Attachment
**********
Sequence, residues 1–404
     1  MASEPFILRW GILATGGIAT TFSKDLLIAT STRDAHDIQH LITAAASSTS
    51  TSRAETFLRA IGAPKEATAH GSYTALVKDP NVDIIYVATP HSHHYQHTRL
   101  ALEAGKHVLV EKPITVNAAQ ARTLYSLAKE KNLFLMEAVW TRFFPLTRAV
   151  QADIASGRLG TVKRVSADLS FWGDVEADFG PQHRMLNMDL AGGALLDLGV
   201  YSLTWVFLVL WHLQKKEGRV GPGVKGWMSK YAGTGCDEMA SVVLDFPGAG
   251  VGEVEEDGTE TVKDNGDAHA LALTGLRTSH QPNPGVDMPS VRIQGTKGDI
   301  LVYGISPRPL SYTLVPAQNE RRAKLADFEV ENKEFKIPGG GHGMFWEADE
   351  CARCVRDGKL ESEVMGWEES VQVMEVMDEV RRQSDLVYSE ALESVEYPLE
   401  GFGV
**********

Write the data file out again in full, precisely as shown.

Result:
Sequence, residues 1–404
     1  MASEPFILRW GILATGGIAT TFSKDLLIAT STRDAHDIQH LITAAASSTS
    51  TSRAETFLRA IGAPKEATAH GSYTALVKDP NVDIIYVATP HSHHYQHTRL
   101  ALEAGKHVLV EKPITVNAAQ ARTLYSLAKE KNLFLMEAVW TRFFPLTRAV
   151  QADIASGRLG TVKRVSADLS FWGDVEADFG PQHRMLNMDL AGGALLDLGV
   201  YSLTWVFLVL WHLQKKEGRV GPGVKGWMSK YAGTGCDEMA SVVLDFPGAG
   251  VGEVEEDGTE TVKDNGDAHA LALTGLRTSH QPNPGVDMPS VRIQGTKGDI
   301  LVYGISPRPL SYTLVPAQNE RRAKLADFEV ENKEFKIPGG GHGMFWEADE
   351  CARCVRDGKL ESEVMGWEES VQVMEVMDEV RRQSDLVYSE ALESVEYPLE
   401  GFGV